How do we achieve metadata privacy? At a high level, there are two approaches. The first is to design our services such that they delete any records of who is talking to who as soon as is technically possible. This is what Signal is doing. While this is a good start, it requires users to trust that the Signal servers are actually running the code that they tell us they are running. It also does not preclude a powerful network observer (e.g., the NSA) from analyzing timing events to figure out partial metadata, and it does not protect against a hacker who gains access to Signal’s servers.

The second approach is to require cryptographically complete privacy: regardless of what the server is doing, regardless of any network observers, and regardless of hackers, no metadata at all should be possible to extract (assuming standard cryptographic assumptions, e.g. that factoring integers is hard). The second approach is to the first approach like end-to-end encryption is to in-transit-only encryption. With cryptographically complete privacy for metadata, as with end-to-end encryption for content, you need to trust no one but your own computer. It is obvious that we should prefer the second approach to the first.

Today, to my knowledge, no completely private service of any kind exists. There is Tor, but it does not have provable anonymity, and as a consequence, it suffers from many different privacy attacks. The reason complete privacy doesn’t exist yet is that it’s a hard theoretical problem: researchers have studied it for years and years, trying out and inventing new cryptographic and algorithmic solutions. Complete privacy has long been at odds with scalability, and while it still is, recent research has brought complete privacy into the realm of feasibility.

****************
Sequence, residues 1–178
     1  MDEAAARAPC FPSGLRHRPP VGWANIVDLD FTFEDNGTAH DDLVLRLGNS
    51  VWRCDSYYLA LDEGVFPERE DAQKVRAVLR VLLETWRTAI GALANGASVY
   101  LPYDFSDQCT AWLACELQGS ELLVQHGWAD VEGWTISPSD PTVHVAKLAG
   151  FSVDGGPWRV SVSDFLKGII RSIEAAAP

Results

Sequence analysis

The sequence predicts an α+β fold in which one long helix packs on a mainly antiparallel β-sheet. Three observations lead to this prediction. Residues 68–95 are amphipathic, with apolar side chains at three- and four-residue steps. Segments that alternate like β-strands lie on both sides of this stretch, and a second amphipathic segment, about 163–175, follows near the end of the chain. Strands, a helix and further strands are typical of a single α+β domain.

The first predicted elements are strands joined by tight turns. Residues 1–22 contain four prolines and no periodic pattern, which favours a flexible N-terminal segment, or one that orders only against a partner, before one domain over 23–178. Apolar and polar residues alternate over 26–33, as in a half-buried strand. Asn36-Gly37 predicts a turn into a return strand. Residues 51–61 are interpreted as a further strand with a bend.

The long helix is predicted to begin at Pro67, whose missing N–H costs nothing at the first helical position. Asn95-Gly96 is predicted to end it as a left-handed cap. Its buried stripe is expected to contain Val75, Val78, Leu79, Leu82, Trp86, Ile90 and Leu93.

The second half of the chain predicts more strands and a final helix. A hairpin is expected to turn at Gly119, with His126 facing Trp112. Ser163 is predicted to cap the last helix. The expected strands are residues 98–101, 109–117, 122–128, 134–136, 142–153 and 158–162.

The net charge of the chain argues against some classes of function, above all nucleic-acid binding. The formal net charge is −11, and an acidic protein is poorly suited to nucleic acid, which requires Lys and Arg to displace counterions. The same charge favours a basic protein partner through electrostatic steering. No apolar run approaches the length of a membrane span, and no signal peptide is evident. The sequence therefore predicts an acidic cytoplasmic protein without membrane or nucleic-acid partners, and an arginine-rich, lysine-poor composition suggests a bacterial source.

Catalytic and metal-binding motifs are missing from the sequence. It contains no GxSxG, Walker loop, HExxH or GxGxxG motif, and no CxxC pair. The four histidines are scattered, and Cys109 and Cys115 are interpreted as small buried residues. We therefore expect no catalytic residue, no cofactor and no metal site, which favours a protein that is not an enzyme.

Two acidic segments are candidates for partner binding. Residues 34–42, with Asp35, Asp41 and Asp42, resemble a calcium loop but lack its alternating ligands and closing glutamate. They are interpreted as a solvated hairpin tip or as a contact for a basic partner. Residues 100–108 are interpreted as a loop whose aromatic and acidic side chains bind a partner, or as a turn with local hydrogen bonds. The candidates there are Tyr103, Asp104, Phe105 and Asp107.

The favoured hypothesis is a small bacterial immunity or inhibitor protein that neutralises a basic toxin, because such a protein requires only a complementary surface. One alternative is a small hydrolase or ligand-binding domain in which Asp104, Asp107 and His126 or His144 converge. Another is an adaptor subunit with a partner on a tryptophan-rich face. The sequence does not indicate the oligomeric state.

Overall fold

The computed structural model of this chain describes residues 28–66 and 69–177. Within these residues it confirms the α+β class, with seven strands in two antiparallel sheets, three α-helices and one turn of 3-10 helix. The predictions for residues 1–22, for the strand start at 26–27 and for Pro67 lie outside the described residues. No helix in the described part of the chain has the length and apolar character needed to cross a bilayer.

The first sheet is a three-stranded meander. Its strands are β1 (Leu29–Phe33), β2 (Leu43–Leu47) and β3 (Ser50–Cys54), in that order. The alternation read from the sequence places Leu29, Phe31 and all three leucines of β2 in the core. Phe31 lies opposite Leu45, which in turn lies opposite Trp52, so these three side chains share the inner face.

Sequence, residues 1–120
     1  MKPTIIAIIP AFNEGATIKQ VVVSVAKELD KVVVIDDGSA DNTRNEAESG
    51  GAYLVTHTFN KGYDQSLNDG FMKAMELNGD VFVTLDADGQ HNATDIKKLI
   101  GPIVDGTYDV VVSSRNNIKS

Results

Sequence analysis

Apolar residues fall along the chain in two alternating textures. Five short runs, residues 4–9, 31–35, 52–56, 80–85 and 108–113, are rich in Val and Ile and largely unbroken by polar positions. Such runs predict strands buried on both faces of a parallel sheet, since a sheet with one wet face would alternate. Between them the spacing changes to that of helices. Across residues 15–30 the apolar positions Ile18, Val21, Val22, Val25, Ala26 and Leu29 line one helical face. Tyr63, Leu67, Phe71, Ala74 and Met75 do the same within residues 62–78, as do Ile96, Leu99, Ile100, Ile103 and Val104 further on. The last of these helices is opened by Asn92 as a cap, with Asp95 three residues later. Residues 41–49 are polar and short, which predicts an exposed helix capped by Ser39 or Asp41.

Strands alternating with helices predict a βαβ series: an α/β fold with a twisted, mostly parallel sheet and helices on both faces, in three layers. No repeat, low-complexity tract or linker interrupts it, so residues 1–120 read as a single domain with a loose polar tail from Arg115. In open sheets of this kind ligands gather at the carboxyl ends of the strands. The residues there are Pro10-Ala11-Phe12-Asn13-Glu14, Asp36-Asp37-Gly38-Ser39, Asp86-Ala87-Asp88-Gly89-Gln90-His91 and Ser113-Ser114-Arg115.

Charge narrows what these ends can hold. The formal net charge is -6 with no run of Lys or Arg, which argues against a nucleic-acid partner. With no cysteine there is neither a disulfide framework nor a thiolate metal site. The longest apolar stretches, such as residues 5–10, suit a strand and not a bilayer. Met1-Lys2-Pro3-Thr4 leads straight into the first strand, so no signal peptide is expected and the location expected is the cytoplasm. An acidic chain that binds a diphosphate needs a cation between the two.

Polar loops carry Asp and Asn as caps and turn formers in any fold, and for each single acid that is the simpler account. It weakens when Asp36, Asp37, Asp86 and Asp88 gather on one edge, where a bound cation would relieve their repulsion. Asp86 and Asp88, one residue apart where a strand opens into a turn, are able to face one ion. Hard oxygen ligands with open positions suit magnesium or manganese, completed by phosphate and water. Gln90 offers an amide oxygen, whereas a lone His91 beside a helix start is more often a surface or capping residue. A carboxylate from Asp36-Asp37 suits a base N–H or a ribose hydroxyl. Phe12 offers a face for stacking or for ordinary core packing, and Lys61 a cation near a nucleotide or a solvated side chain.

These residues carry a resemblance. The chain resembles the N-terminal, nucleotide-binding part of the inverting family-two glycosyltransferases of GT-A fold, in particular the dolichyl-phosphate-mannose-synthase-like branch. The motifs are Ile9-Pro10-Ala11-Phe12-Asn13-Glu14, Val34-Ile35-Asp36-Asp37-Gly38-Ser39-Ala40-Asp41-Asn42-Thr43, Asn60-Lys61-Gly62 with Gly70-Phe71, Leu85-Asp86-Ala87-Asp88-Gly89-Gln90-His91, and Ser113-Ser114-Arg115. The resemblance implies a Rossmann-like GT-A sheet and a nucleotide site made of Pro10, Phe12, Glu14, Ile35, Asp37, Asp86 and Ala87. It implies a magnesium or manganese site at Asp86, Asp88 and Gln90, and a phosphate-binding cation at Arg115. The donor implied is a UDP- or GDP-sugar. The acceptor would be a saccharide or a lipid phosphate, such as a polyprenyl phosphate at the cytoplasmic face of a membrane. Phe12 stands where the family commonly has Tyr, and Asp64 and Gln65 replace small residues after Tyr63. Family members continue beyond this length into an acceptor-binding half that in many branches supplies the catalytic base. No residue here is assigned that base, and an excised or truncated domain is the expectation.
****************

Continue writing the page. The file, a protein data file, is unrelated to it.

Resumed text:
We can do complete privacy now. We can protect metadata. And we should. It is time for us to move beyond end-to-end encryption.


My name is Arvid, and I’m currently working on making a completely private messaging platform. The technical problems are extremely interesting from both a performance engineering perspective and a cryptography perspective, and I believe that we will have to add on to existing, recent, exciting research. In addition to being technically interesting, complete privacy is socially important, for the everyday person as well as the dissenter, the whistleblower and the repressed. If this sounds interesting to you (which it should! it is super cool!), and you are an exceptional performance or systems engineer, an ingenious cryptographer, or an excellent communicator and business person passionate about privacy, email me: [email protected].


  1. There’s a good argument to be made for why privacy should be important to you even if you have nothing to hide. ↩︎

  2. The quote isn’t even out of context. See this YouTube video, at 17m50s. To paraphrase, the point the General is making is that while the NSA kills foreigners based on metadata, the metadata it collects on Americans is not used to kill anyone, and hence there should be nothing for anyone to worry about… Regardless of how comforting you find that context to be, his comments unequivocally highlight the immense power that metadata has. ↩︎